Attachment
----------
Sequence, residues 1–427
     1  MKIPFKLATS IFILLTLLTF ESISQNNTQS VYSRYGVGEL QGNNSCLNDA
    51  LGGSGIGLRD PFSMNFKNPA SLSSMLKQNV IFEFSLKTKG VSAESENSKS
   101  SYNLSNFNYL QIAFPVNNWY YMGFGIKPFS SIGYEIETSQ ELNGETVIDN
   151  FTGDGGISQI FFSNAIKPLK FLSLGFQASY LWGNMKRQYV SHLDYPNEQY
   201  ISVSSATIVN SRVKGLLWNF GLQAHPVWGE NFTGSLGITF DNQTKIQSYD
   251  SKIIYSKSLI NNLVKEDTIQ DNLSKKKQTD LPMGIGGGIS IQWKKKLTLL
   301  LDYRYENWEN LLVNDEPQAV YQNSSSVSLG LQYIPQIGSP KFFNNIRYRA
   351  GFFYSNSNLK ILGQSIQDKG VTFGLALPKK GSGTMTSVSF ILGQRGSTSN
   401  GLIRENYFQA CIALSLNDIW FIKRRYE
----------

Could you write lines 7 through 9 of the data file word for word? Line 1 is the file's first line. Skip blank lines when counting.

   251  SKIIYSKSLI NNLVKEDTIQ DNLSKKKQTD LPMGIGGGIS IQWKKKLTLL
   301  LDYRYENWEN LLVNDEPQAV YQNSSSVSLG LQYIPQIGSP KFFNNIRYRA
   351  GFFYSNSNLK ILGQSIQDKG VTFGLALPKK GSGTMTSVSF ILGQRGSTSN